Creation Care and Worship
Written by Plant With Purpose on September 4, 2012 in General
Does the night sky exist simply for humanity’s enjoyment? Is worship only a human act? Tony Campolo, who serves on Plant With Purpose’s Advisory Board, makes the point that Nature’s purpose is to worship God.
Creation Care and Worship
by Tony Campolo
professor emeritus of sociology at Eastern University in St. Davids, Pennsylvania.
Whenever we sing the Doxology in church, we sing out the words, “Praise God from Whom all blessings flow. Praise Him all creatures here below.” Note that all creatures are referred to in this hymn. These words have become so familiar to us that we sometimes fail to see the implications of what we are singing.
We humans are not the only ones called upon to worship God. If you read Psalm 148, you will find that King David called upon all living creatures to worship the Almighty. Even more strange to those of us steeped in modernity is that, in this psalm, even that which is inanimate is called upon to worship God.
Almost a thousand years ago, St. Francis of Assisi went out to the fields and called upon the birds to sing hymns of praise to the Lord. He called upon the sheep to raise their voices to make sounds of praise go God. He called upon the cows to do the same. He believed, as the Bible teaches, that all creation was spoken into existence for the glory of God.
Sometimes our environmentalism is completely utilitarian. We want to save nature because we humans need it for our survival and well-being – and I am not arguing with that reality. Romans 8:19-23 says that God’s children are called upon to rescue creation from its present degraded condition.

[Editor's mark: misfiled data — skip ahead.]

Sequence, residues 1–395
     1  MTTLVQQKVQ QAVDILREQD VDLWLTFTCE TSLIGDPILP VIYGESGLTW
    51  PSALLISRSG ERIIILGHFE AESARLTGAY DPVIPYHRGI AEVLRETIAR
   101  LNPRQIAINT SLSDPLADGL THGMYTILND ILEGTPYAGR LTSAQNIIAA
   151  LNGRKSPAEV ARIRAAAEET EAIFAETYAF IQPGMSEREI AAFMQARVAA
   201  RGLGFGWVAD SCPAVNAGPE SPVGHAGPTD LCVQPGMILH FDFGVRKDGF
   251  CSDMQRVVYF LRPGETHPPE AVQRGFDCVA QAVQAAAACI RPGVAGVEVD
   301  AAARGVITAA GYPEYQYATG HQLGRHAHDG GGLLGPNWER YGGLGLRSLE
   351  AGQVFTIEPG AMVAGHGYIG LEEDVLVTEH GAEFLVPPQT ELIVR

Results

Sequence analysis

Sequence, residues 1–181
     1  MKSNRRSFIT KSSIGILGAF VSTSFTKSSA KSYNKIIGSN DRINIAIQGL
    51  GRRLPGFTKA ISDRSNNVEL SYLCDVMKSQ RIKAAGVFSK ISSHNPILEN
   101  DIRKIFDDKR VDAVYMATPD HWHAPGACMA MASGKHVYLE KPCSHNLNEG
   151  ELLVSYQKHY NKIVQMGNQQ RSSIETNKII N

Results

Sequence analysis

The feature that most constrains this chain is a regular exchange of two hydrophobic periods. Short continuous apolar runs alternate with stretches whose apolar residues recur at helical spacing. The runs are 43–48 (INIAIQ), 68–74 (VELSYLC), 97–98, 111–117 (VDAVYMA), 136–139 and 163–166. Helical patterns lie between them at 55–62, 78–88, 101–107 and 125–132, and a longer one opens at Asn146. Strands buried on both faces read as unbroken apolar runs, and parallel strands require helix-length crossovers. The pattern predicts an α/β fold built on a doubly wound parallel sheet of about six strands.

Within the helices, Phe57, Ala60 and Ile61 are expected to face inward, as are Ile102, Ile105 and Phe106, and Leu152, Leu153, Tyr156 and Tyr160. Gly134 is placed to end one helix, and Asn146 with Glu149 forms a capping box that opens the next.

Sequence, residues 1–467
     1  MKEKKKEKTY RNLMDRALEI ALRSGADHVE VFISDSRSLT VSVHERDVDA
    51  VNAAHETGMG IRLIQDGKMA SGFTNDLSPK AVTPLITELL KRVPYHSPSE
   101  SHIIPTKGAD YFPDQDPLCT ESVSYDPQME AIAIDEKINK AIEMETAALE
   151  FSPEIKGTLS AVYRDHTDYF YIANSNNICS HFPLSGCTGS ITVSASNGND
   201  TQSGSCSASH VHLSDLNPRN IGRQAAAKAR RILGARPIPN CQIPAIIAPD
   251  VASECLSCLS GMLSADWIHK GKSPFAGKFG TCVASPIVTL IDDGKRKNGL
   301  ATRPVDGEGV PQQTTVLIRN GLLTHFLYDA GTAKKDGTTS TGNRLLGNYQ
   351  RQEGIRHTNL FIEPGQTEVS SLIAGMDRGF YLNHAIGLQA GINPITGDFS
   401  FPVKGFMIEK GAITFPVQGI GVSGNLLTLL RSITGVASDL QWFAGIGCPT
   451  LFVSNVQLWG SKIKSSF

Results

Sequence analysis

But there is a deeper reason for saving nature. That deeper reason is that everything that was created was created to worship God. For instance, the heavens were created to declare the glory of God. They weren’t created simply for our own personal enjoyment.
Psalm 148:7 reads, “Praise the Lord from the earth, you sea monsters and all deeps.” I believe the “sea monsters” who praise God in that verse are whales. Whales sing, and if there were no human beings on this planet, whales would still have a function that is glorious: that function is to sing hymns of praise to God. Anyone who has ever taken time to listen to the songs of whales knows there is a mystical quality to their singing that makes it easy to understand their ultimate purpose is to sing praise to God. If a species of whale is made extinct because of human irresponsibility, it is not just that we’ve lost an interesting creature from the face of the earth. As tragic as that is, the full reality is even more troubling: We have silenced a special voice of praise to the Almighty.
This is not some new age proposal. Throughout the Bible we sense what one philosopher called “ a great chain of being” —- with God and the angels at the top, humans below them, animals below us, and then the plant kingdom, and the inorganic realities of nature. The Bible is clear that all of creation was meant to glorify God. And when Adam and Eve fell, creation suffered along with that first couple. In Romans Paul reminds us that it is not just us humans who long to be restored to where we can worship God in fullness and joy. “The whole creation has been groaning in labor pains,” waiting to be delivered for exactly the same purpose.
To interfere with worship is blasphemy. Thus, the obliteration of the environment has blasphemous dimensions to it. Considering what we have done to nature, we need to repent, because we have hindered nature’s glorification of the God who created all things in heaven and on earth to praise His name.
Excerpt taken from Tending to Eden: Environmental Stewardship for God’s People by Scott Sabin, Plant With Purpose’s executive director.